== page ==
Of all the competing welding methods, the principle of electron beam welding is the closest to that of laser keyhole welding. It utilizes a focused high-energy beam of electrons rather than photons to create keyhole and occurs within a vacuum chamber. This guarantees that contaminants do not jeopardize welding quality. Electron beam welding is particularly effective for joining thick parts of up to 100 mm. Moreover, since reflective alloys such as aluminum and copper contain many free electrons, they are more amenable to welding by electrons than photons. Additional benefits of using electron beam welding are low distortion and high penetration under high welding speeds.
Despite of these advantages, laser welding still wins in many aspects. First, the size of the vacuum chamber imposes limits on workpiece in the plan of electron beams. Also, while laser beams can switch between workstations to eliminate down time, loading and pumping of the vacuum chambers can take up to several minutes, leading to low productivity. Furthermore, electron beam welding systems might encounter more practical problems. For example, welding parts of certain geometry may be difficult because electron beam unit cannot move close to the joint line. However similar problems do not happen in laser welding systems as optics with long focal lengths can provide a large stand-off distance. Also, both magnetic and electric fields can easily affect electron beams. More importantly, electron beam welding performs poorly on parts with dissimilar electromagnetic properties.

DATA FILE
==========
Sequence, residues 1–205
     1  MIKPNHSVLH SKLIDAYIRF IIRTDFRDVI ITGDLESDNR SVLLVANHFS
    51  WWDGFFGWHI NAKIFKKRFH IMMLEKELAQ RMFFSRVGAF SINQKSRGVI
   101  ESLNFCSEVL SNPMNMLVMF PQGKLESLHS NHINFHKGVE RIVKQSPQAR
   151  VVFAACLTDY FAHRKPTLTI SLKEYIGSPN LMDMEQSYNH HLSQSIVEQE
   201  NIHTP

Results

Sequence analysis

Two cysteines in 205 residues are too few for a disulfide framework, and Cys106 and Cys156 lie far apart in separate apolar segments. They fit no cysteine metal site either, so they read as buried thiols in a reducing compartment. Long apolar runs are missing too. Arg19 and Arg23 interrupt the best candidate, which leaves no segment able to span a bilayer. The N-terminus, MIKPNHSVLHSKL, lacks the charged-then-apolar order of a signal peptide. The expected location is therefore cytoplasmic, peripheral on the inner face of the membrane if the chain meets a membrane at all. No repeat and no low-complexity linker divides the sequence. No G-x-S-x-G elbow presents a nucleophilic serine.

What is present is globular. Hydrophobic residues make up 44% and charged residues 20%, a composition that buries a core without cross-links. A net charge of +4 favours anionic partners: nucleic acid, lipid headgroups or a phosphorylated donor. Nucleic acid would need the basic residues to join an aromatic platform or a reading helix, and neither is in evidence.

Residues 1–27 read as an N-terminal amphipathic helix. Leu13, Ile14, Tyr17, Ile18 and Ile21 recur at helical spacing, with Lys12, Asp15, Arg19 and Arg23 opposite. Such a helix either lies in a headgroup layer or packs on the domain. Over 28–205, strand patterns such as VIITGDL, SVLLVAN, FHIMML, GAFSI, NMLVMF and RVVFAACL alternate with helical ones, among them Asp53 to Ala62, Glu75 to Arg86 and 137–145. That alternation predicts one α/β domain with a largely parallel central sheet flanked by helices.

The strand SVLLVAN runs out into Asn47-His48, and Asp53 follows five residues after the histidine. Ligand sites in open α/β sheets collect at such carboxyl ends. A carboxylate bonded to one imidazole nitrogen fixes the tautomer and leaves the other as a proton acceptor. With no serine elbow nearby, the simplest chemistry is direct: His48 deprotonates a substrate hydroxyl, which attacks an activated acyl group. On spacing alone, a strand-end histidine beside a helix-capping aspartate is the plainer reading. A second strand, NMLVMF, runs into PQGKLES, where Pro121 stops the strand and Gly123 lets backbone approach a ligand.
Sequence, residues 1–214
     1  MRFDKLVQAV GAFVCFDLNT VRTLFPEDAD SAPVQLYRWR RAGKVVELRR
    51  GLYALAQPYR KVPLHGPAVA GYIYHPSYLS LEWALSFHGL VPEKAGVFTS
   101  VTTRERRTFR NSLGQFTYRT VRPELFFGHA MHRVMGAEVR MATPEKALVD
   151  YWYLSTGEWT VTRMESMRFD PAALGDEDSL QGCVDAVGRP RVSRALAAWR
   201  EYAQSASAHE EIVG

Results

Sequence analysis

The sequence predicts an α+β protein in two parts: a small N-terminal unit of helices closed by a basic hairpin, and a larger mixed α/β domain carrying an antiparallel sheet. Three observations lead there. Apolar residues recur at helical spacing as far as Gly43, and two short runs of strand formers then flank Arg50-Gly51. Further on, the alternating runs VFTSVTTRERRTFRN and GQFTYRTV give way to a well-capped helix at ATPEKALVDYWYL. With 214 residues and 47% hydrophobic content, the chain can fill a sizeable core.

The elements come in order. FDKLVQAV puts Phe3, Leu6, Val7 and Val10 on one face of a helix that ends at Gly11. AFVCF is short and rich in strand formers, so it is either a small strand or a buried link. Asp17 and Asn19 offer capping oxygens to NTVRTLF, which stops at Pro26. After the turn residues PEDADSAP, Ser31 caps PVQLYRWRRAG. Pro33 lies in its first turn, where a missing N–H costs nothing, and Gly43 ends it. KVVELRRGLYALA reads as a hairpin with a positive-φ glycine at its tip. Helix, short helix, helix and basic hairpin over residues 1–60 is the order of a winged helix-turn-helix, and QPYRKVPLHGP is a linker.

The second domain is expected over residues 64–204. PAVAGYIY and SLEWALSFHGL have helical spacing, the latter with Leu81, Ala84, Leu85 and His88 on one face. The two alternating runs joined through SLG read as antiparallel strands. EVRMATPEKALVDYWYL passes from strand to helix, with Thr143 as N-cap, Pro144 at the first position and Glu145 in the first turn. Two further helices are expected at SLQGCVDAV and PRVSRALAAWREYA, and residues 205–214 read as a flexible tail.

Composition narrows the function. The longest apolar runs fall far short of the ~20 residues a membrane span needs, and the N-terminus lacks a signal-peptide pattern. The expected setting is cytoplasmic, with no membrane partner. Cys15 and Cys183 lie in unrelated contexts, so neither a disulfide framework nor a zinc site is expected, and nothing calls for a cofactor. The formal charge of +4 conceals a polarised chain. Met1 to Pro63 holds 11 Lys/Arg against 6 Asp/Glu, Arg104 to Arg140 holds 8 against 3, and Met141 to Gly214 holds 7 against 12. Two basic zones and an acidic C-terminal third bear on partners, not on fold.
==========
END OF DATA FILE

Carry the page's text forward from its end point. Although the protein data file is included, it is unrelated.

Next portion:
Comparison with Fusion Welding
Fusion welding is another type of competing joining approach. Two representatives of it are MIG (metal inert gas) and MAG (metal active gas). They achieve welding by an electric arc and an inert shielding gas and CO2. MIG is particularly suitable for welding aluminum and its alloys, and MAG primarily targets carbon steels, low alloy steels and stainless steels. Fusion welding processes have a number of favorable properties. First, they can work in both manual and automatic modes, and secondly, the operations are easy to learn. Also, if multiple passes are implemented, MIG and MAG are able to work on many common metals and alloys with a wide range of plate thicknesses and welding positions.
Compared with laser welding, fusion welding techniques suffer from several disadvantages. The most prominent one is the high energy input, which results in greater distortion in welded parts. Additionally, because of a hemispherical or elliptical weld-bead formation, a single-pass welding has limited penetration. Because of this, joining thick parts requires special pre-treatment prior to welding. Thus, laser welding approaches are usually preferable when a single pass, fully penetrating weld of low distortion is required. Most importantly, laser welding demonstrates better performance on long welds with a regular geometry. For high throughputs, the procedures can further be simplified as no joint preparation is needed for thick parts.